Thoroughly butter sides and bottom of each opening in a 12 serving mini-cheesecake pan, set aside.
For the crust:
- 2 standard size graham crackers
- 1 ½ cups salted pretzel sticks
- ¼ cup brown sugar
- 6 tblsp. Melted butter
In a food processor, add the graham crackers, pretzels, and brown sugar. Process until you have a crumb consistency. Slowly add the melted butter and process until it resembles wet sand. Carefully spoon about 1 – 2 tablespoons of filling into bottom of each opening and tamp down until you have a nice even, firm base. I used the bottom of a straight-sided shot glass, which worked perfectly. Wipe insides of each opening so you don’t end up with crumbs on the side of your cheesecakes.
For the filling:
- 4 oz. dark chocolate, such as Scharffen Berger 70% dark chocolate
- ½ cup dark stout beer such as Rogue Chocolate Stout or Lagunitas WTF
- ½ packages of cream cheese, softened (total of 12 oz.)
- ½ cup sugar
- 1 tblsp. + 1 tsp. flour
- 5 tblsps. + 1 tsp. good quality cocoa powder, such as Scharffen Berger
- ¼ tsp. salt
- 1 ½ tsp. instant espresso powder
In a saucepan over medium heat, add the beer and chocolate, stirring constantly until melted. Remove from heat and set aside to cool.
In the bowl of a stand mixer, add the cream cheese and sugar and beat until completely smooth – you don’t want any unmixed lumps of cream cheese! One at a time, add the eggs, scraping the sides and bottom of bowl between additions. Again, make sure everything is very smooth. Pour the cooled chocolate/beer mixture into the mixer and beat until completely combined. Lift the head of the mixer, and sprinkle the flour, cocoa powder, espresso powder and salt over the batter. Mix on low speed until just combined.
Very carefully, spoon batter into each opening until it is nearly full. Smooth mixture and then give pan a couple of good taps on counter to help set and smooth.
Bake for 15 minutes or until just set. Remove from oven and allow to cool on rack. Once completely cooled, remove from pan by pushing up from bottom of each opening, one at a time, place on tray and refrigerate at least 45 minutes.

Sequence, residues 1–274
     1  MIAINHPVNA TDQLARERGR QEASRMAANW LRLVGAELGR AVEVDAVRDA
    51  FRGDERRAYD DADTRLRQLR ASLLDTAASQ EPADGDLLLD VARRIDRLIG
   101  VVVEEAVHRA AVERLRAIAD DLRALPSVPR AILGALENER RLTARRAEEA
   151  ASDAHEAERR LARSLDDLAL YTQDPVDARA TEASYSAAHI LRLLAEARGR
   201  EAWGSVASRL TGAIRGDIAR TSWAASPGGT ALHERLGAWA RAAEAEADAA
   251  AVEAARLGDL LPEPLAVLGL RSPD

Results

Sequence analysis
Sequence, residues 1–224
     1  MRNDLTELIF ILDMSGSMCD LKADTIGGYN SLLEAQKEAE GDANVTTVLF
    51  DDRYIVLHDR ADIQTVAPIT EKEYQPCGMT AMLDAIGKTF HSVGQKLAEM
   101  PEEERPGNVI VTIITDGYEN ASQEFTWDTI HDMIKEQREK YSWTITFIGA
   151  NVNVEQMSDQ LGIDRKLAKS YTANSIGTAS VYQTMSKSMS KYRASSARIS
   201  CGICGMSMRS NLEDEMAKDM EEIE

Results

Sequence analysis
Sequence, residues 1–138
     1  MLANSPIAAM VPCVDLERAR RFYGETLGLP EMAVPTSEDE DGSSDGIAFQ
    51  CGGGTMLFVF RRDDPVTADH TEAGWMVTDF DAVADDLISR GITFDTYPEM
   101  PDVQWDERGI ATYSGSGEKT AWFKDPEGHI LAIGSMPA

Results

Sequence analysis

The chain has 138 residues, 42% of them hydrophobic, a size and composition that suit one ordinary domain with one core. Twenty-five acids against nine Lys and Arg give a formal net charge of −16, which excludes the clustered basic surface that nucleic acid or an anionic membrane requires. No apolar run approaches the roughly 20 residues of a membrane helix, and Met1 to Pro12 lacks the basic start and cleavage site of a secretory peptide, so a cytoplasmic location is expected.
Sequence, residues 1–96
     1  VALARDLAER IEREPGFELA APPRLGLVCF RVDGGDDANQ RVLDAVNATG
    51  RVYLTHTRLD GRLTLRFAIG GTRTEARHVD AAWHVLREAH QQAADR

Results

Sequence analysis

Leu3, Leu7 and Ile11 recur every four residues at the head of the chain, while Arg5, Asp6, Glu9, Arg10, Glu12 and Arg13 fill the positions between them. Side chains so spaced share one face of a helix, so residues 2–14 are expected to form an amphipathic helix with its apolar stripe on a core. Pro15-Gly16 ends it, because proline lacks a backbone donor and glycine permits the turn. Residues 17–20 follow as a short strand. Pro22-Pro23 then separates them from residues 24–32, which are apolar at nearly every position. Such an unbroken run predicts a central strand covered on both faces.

For the sour cream pearls:
- ½ cup sour cream
- 1 tbsp. sugar
- Freshly squeezed juice of ½ lemon
- 2 g. sodium alginate
- 1 ½ cups water
Mix the alginate bath by dissolving the sodium alginate in 1 ½ cups room temperature water and blend well with an immersion blender. Set aside and allow to “gel” for about 2 hours.
In a small bowl, whisk together sour cream, sugar and lemon juice until smooth. Add more lemon juice if necessary to achieve a mixture that is still thick, but just thin enough to form droplets when pushed out of syringe. If it is too thin, it will just hit the surface of the bath and splatter.
Once the alginate bath is ready, set up your station with the sour cream mixture, a rinsing bath of 2 cups room temperature water and small plate.
To form the pearls, draw the sour cream mixture into the syringe and push drops into the alginate bath. Leave for about 30 seconds, stir and remove with a draining spoon and transfer to the plan water bath. Stir, remove immediately with the draining spoon and transfer to small dish. Arrange decoratively on top of each individual cheesecake.